condition(redirected from conditions)
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out of condition
Not in good physical health; not especially strong, healthy, or fit. I've gotten pretty out of condition from working behind this desk for 10 years. I'd like to run a marathon this autumn, but I'm a little out of condition.
The state of an object that is in perfect condition, as if it has never been touched or otherwise used. The phrase originally referred to coins that were never put into circulation and thus remained in the same pristine condition as when they were produced at the mint. There's no way I'm selling my mint condition Babe Ruth rookie card—I don't care how much money it would get, it's one of my most prized possessions!
be in mint condition
To be in pristine condition with no evidence of use or wear. My brother made a lot of money selling vintage baseball cards that were in mint condition. My family goes to the auto show every year because we all love seeing classic cars that are in mint condition.
condition (someone or something) to (something)
1. To train someone or an animal to do something in a particular way or to act in a certain way. Years of office work have conditioned me to get up at 6 AM, even on the weekends. The dog has been conditioned to run to his bowl when I open the cabinet where we store his food.
2. To acclimate someone or an animal to something. It will take time to condition ourselves to the pace of life in our sleepy new town. How long will it take to condition the dog to our commands?
condition someone or something to something
1. to train or adapt someone or an animal to do something. I conditioned the dog to beg for a treat. Over the years, he had conditioned himself to run for hours at a stretch.
2. to train or adapt someone or an animal to something. We could never condition the cat to the finer points of domestication. I conditioned myself to the extreme cold.
in a delicate condition
Euph. pregnant. (Old fashioned.) Are you sure you're up for this hike? I know you're in a delicate condition. She shouldn't be lifting those boxes. She's in a delicate condition.
*in an interesting condition
Euph. pregnant. (*Typically: be ~; get ~.) Young Mrs. Lutin is in an interesting condition. The bride appeared to be in an interesting condition.
in conditionand in(to) shape
in good health; strong and healthy; fit. Bob exercises frequently, so he's in condition. If I were in shape, Icould run faster and farther. I'm really overweight. I have to try to get into shape.
*in good shapeand *in good condition physically and functionally sound and sturdy. (Used for both people and things. *Typically: be ~; get ~; keep ~.)
This car isn't in good shape. I'd like to have one that's in better condition. Mary is in good condition. She exercises and eats right to stay healthy. You have to make an effort to get into good shape.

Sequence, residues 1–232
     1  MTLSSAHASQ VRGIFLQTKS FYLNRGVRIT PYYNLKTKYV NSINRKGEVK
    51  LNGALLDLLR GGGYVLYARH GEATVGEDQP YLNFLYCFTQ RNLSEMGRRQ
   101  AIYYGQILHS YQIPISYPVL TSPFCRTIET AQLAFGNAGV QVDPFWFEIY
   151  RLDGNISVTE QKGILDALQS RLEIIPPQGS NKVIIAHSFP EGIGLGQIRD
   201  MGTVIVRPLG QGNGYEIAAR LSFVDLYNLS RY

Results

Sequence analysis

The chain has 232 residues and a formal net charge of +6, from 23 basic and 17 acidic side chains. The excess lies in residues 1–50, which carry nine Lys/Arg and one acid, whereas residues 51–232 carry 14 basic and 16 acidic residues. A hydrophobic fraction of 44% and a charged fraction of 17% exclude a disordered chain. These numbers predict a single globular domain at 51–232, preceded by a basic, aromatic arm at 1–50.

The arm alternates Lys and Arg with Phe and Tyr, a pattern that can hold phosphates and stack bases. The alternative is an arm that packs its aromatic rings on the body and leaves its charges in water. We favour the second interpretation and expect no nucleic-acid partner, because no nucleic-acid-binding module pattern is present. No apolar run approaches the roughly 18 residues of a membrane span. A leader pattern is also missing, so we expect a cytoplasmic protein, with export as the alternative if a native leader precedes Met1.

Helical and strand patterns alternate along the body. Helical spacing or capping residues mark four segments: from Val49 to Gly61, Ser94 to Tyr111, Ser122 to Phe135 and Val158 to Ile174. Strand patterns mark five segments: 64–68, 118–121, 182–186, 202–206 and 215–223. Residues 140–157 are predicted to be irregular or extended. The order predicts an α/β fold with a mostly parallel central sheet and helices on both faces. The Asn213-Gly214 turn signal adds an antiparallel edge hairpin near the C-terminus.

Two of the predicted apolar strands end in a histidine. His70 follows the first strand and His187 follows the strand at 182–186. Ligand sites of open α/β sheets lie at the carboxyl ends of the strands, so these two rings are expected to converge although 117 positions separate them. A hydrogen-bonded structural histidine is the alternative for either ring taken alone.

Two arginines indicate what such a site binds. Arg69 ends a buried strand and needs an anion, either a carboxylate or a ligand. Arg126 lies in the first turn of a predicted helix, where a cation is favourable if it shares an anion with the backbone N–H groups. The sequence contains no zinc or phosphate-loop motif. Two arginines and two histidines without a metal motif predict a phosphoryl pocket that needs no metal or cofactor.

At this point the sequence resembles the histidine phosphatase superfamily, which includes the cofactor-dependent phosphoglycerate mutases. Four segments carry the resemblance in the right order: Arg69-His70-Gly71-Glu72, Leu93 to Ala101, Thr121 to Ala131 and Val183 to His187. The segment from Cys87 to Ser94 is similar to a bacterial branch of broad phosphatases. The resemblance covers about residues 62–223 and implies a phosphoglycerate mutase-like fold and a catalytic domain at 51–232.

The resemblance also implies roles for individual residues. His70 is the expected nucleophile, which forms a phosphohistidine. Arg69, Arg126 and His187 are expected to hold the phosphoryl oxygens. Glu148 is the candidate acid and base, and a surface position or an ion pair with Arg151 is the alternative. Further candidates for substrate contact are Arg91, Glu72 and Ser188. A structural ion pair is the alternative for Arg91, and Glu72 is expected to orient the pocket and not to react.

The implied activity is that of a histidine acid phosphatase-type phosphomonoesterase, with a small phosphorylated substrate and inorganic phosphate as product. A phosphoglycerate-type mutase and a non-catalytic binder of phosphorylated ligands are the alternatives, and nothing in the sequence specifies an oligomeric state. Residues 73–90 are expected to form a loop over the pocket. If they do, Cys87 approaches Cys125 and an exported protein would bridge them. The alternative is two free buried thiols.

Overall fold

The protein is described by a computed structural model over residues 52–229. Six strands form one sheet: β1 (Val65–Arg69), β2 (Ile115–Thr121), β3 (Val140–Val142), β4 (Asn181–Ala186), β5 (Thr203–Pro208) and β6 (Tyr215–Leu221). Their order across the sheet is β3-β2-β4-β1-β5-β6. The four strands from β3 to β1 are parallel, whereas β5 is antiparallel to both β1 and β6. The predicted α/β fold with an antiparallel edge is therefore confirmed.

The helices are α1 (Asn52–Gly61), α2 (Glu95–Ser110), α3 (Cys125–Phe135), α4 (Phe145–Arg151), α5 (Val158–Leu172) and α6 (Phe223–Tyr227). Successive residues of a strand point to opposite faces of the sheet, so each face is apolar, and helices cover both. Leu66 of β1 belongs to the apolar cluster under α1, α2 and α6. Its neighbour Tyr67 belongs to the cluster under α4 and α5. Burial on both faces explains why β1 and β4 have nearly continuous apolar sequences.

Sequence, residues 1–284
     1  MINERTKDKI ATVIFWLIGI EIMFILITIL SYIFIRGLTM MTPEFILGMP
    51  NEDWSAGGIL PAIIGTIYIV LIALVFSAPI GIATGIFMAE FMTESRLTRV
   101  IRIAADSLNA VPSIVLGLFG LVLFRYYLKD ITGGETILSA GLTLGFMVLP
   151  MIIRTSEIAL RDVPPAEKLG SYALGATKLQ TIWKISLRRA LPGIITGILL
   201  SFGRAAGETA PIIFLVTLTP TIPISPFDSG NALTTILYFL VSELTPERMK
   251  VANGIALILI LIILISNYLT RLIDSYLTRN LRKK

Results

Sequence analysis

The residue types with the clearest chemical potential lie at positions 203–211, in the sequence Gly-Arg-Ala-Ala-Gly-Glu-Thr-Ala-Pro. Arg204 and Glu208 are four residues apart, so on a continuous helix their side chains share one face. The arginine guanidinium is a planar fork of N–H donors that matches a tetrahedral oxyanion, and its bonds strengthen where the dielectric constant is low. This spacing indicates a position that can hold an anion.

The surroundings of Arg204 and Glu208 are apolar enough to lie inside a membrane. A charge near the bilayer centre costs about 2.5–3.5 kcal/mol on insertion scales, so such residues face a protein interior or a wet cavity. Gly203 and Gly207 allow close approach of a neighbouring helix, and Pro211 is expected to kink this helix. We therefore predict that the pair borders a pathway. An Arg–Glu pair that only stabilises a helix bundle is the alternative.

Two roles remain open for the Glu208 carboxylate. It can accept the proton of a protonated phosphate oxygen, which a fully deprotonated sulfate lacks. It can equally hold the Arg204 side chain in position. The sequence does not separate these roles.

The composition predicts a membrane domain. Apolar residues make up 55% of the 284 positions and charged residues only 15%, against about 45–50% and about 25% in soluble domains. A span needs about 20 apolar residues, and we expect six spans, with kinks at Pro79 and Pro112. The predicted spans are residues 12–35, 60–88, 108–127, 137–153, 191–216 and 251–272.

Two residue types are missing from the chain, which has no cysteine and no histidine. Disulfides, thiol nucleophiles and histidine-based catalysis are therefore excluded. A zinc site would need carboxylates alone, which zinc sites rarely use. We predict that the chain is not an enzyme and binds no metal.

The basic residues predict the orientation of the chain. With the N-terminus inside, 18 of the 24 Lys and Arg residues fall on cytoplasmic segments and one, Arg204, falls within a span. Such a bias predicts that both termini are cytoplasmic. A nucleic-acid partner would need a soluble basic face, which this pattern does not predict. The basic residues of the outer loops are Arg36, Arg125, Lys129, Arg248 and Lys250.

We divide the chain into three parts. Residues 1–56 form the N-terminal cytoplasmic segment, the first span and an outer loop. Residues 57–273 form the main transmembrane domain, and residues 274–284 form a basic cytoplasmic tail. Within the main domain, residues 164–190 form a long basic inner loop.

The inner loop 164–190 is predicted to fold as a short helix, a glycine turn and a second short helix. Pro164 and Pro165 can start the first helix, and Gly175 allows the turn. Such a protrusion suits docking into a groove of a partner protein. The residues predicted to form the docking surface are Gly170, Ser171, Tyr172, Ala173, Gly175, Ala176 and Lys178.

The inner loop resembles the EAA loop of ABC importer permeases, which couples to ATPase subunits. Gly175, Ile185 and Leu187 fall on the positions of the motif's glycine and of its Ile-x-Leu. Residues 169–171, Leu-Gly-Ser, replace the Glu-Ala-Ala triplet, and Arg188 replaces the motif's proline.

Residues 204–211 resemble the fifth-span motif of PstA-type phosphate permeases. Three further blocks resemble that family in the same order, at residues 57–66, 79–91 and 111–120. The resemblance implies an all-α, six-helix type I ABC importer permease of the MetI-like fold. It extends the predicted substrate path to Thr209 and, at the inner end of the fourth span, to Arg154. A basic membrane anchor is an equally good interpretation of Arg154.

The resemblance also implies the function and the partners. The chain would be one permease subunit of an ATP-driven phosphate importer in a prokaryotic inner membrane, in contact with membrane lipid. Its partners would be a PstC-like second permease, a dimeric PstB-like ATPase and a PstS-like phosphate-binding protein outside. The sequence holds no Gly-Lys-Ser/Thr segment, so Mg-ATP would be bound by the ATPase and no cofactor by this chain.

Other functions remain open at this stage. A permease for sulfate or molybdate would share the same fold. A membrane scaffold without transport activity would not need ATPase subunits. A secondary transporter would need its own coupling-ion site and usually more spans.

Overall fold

*in mint condition
Fig. in perfect condition. (*Typically: be ~;find something ~.) This is a fine car. It runs well and is in mint condition. We saw a house in mint condition and decided to buy it.
send someone into a state or condition
to cause someone to be in a certain state or condition. The horrifying news sent our family into hysterics. The clerk's rude behavior sent the customer into a fit of anger.
under certain circumstancesand under certain conditions
Fig. depending on or influenced by something; because of something. Under certain conditions, you can see across the lake to the other side. Under certain circumstances, what you propose to do is all right.
under certain circumstances
because of particular conditions Your insurance will pay for that surgery, but only under certain circumstances, for example if it's an emergency.
be in mint condition
if something is in mint condition, it looks as if it is new
Usage notes: The mint is a place where new coins are made.There's an ad here for a 1974 Volkswagen Beetle. It's dark blue and in mint condition, apparently.
Also, in good condition or shape ; in shape. Physically fit; also, in a state of readiness. For example, I've got to get in condition before the next road race, or This project's in good shape now, or Is this report in shape to show to the president? The first expression dates from the late 1700s; the use of shape for "a state of health or repair" dates from the mid-1800s. The antonyms of these expressions, out of condition and out of shape, date from the mid-1800s. For example, Their stock was out of condition and not suitable for selling, or I'm so out of shape that I can barely run a mile.
in good condition
Also, in good shape. See in condition
mint condition, in
In excellent condition, unblemished, perfect, as in This car is in mint condition. This expression alludes to the condition of a freshly minted coin. [c. 1900]
See also: mint
on condition that
Provided that, with the restriction that, as in She said she'd help with the costumes on condition that she would get ten free tickets to the play . The use of the noun condition in the sense of "stipulation" dates from the late 1300s, and the precise phrase from the early 1500s.
out of condition
Also, out of shape. See under in condition.